6. Nicholas Bloom & Raffaella Sadun & John Van Reenen, 2007. "Americans Do I.T. Better: US Multinationals and the Productivity Miracle," NBER Working Papers 13085, National Bureau of Economic Research, Inc.
  7. Eli Berman & Linda T.M. Bui, 1998. "Environmental Regulation and Productivity: Evidence from Oil Refineries," NBER Working Papers 6776, National Bureau of Economic Research, Inc.
  8. David Neumark & Peter Cappelli, 1999. "Do "High Performance" Work Practices Improve Establishment-Level Outcomes?," NBER Working Papers 7374, National Bureau of Economic Research, Inc.
  9. Nick Bloom & Stephen Dorgan & John Dowdy & Tom Rippin & John Van Reenen, 2005. "Management Practices Across Firms and Nations," CEP Special Papers 17, Centre for Economic Performance, LSE.
  10. G. Steven Olley & Ariel Pakes, 1992. "The Dynamics of Productivity in the Telecommunications Equipment Industry," NBER Working Papers 3977, National Bureau of Economic Research, Inc.
  11. Nicholas Bloom & John Van Reenen, 2007. "Measuring and Explaining Management Practices Across Firms and Countries," The Quarterly Journal of Economics, MIT Press, vol. 122(4), pages 1351-1408, November.
  12. Griffith, Rachel, 1999. "Using the ARD Establishment Level Data to Look at Foreign Ownership and Productivity in the United Kingdom," Economic Journal, Royal Economic Society, vol. 109(456), pages F416-42, June.
  13. James Levinsohn & Amil Petrin, 2003. "Estimating Production Functions Using Inputs to Control for Unobservables," Review of Economic Studies, Oxford University Press, vol. 70(2), pages 317-341.
  14. S Black & L Lynch, 1997. "How to Compete: The Impact of Workplace Practices and Information Technology on Productivity," CEP Discussion Papers dp0376, Centre for Economic Performance, LSE.
  15. Marianne Bertrand & Antoinette Schoar, 2003. "Managing With Style: The Effect Of Managers On Firm Policies," The Quarterly Journal of Economics, MIT Press, vol. 118(4), pages 1169-1208, November.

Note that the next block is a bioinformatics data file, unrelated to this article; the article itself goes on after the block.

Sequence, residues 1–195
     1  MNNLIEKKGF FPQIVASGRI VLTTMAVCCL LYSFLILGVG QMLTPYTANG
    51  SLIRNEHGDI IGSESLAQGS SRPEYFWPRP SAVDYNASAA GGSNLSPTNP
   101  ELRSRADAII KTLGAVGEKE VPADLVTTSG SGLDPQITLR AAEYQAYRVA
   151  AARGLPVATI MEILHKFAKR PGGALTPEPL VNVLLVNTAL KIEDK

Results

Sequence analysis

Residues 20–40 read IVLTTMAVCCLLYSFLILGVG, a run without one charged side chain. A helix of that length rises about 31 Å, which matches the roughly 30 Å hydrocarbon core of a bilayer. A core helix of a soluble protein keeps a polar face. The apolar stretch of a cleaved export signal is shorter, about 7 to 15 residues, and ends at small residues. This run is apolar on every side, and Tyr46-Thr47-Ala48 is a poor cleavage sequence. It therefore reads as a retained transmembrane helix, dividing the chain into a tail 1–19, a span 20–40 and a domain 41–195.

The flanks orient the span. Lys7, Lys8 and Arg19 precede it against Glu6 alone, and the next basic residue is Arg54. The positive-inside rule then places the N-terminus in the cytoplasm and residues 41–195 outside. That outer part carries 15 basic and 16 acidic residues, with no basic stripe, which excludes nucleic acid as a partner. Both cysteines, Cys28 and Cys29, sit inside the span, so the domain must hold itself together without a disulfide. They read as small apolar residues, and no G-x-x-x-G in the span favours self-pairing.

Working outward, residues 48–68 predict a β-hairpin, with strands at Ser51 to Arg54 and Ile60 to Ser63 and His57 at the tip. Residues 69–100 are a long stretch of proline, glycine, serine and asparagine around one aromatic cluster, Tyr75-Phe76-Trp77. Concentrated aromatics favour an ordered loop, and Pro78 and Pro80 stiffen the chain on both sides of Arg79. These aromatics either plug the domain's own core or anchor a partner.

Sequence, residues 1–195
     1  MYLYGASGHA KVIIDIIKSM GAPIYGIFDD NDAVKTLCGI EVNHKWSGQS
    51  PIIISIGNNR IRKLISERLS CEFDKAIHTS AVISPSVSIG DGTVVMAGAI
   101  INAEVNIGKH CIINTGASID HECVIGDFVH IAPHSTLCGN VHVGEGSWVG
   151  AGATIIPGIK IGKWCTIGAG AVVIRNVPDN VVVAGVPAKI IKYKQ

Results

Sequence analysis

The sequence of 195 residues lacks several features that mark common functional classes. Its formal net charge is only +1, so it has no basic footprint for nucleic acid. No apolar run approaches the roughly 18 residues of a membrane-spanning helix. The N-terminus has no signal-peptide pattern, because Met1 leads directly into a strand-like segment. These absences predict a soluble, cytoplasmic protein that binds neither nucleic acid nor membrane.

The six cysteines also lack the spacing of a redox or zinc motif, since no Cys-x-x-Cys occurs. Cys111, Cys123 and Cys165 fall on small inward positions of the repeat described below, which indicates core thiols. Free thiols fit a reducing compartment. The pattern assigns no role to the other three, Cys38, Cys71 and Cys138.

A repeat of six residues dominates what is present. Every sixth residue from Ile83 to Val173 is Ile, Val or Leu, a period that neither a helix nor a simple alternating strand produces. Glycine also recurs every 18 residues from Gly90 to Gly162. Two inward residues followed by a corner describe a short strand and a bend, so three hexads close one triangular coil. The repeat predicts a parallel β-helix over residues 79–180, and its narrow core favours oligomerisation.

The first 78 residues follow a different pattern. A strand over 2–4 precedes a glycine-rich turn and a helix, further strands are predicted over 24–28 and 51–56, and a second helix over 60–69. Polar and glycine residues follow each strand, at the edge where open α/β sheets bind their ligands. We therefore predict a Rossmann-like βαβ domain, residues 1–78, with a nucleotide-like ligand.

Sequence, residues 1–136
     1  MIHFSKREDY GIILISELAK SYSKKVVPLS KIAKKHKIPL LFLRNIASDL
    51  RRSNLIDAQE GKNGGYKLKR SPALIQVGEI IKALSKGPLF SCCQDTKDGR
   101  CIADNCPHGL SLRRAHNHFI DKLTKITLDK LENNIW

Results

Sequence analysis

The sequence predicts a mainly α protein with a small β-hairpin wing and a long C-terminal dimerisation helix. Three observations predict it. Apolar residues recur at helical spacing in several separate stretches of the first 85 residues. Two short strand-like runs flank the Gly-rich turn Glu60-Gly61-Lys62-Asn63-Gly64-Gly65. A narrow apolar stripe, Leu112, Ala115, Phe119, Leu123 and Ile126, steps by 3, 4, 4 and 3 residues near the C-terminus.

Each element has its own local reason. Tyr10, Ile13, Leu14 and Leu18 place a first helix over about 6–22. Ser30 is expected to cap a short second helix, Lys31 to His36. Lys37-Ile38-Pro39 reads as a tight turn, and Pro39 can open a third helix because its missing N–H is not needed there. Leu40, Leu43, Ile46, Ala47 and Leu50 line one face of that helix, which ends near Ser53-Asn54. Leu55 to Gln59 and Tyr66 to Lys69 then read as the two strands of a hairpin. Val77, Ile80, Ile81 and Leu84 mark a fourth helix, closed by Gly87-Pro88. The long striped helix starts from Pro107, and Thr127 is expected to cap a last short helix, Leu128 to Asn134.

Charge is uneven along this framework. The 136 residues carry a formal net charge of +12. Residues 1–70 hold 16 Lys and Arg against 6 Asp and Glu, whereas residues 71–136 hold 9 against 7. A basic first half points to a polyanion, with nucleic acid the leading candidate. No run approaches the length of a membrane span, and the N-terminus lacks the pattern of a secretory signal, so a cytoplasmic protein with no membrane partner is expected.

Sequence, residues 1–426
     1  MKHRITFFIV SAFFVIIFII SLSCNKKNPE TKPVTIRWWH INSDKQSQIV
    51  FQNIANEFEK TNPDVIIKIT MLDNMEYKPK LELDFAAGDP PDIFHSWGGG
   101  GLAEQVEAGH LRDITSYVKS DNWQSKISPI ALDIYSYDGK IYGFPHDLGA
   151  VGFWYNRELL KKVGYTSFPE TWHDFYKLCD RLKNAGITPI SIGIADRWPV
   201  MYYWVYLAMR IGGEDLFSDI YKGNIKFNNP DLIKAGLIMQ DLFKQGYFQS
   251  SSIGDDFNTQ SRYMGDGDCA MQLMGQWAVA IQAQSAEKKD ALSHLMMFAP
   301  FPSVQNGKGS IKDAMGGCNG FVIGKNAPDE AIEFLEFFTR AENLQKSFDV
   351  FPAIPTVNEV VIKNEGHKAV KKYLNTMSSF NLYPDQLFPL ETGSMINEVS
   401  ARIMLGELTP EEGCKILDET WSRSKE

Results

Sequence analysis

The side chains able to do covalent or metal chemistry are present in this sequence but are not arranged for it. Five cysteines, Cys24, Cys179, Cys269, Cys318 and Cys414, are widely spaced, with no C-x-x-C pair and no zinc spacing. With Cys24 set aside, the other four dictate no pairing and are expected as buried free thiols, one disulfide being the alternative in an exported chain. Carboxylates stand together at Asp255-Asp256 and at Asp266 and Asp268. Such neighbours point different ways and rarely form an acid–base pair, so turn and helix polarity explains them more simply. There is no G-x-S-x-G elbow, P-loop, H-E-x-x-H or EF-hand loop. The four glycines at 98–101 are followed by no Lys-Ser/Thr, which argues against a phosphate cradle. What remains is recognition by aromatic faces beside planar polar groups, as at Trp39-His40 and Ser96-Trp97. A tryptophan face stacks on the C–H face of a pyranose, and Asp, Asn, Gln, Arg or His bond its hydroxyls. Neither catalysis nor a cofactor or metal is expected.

16. Shadbegian, Ronald J. & Gray, Wayne B., 2005. "Pollution abatement expenditures and plant-level productivity: A production function approach," Ecological Economics, Elsevier, vol. 54(2-3), pages 196-208, August.
  17. Ann Bartel & Casey Ichniowski & Kathryn Shaw, 2007. "How Does Information Technology Affect Productivity? Plant-Level Comparisons of Product Innovation, Process Improvement, and Worker Skills," The Quarterly Journal of Economics, MIT Press, vol. 122(4), pages 1721-1758, November.
  18. Ichniowski, Casey & Shaw, Kathryn & Prennushi, Giovanna, 1997. "The Effects of Human Resource Management Practices on Productivity: A Study of Steel Finishing Lines," American Economic Review, American Economic Association, vol. 87(3), pages 291-313, June.
  19. Ralf Martin, 2005. "Productivity Dispersion, Competition and Productivity Measurement," CEP Discussion Papers dp0692, Centre for Economic Performance, LSE.
  20. Rachel Griffith, 1999. "Using the ARD establishment level data to look at foreign ownership and productivity in the UK," IFS Working Papers W99/06, Institute for Fiscal Studies.
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  1. Human Capital Mitigates Many Pollution Exernalities
    by Matthew Kahn in Environmental and Urban Economics on 2014-07-23 16:32:00